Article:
Health and health care utilization among obese and diabetic baby boomers and older adults

Sang Nam Ahn, Matthew Lee Smith, Justin B. Dickerson, Marcia G. Ory

Research output: Contribution to journalArticlepeer-review

3 Scopus citations

Abstract

Purpose. Examine how sociodemographic, health, behavioral, and health care utilization factors are associated with being obese or having diabetes among baby boomers and older adults. Design. Cross-sectional data were drawn from the 2007-2008 National Health and Nutrition Examination Survey. Setting. United States. Subjects. A sample of 3439 baby boomers and older adults included (mean age, 62 years). Measures. Covariates included sociodemographics, health outcomes, behaviors, and inpatient and outpatient health care utilization. Analysis. Multinomial logistic regression was used to explore which similar or different covariates were associated with different health states between baby boomers and older adults. Results. Approximately 8% of baby boomers and 10% of older adults had the twin diagnoses of obesity and diabetes. Having both obesity and diabetes was more common among baby boomers and older adults who were African-American (odds ratio [OR]=1.79, p=.029 for baby boomers; OR=3.45, p < .001 for older adults), perceived their general health as fair/poor (OR = 7.67, p < .001; OR = 4.13, p < .001), and utilized outpatient care more often (OR=8.28, p < .001; OR=5.35, p=.004). Being obese only was observed less among baby boomers who were current smokers (OR=.45, p < .001), whereas it was observed more among older adults who were former smokers (OR = 1.25, p = .046). Having diabetes only was observed more among baby boomers who had hypertension (OR=2.44, p=.01), whereas it was observed more among older adults who had very high cholesterol (OR = 2.31, p = .029). Conclusion. Identifying chronic disease risk factors during middle age is important for ameliorating further complications in later life. Knowing more about the correlates of obesity and diabetes among different age groups can help health care planners better target preventive health care services.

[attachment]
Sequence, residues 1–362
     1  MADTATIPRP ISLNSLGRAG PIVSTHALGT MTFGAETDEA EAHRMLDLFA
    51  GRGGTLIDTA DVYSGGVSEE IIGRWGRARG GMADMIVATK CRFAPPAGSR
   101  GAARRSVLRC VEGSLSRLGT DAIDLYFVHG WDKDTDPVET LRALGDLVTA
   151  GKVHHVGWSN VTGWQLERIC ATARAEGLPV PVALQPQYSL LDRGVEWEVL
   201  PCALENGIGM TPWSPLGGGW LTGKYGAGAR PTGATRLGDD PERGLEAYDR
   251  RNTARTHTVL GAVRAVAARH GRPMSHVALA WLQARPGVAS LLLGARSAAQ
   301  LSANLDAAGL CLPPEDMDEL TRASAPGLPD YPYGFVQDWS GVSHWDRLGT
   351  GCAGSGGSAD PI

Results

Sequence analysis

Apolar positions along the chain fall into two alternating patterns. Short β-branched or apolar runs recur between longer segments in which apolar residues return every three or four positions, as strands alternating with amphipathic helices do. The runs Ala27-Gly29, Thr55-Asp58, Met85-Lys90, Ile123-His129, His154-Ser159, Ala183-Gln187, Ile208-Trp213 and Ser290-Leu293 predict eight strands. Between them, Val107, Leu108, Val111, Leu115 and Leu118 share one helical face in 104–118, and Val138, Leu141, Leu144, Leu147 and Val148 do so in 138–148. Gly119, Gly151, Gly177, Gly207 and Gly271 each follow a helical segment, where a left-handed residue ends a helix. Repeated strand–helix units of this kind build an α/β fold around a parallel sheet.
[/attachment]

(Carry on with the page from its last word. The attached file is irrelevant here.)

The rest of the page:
Original languageEnglish (US)
Pages (from-to)123-132
Number of pages10
JournalAmerican Journal of Health Promotion
Volume27
Issue number2
DOIs
StatePublished - 2012

Keywords

  • Aging
  • Baby boomers
  • Diabetes
  • Health care utilization
  • Obesity
  • Prevention research

ASJC Scopus subject areas

  • Health(social science)
  • Public Health, Environmental and Occupational Health

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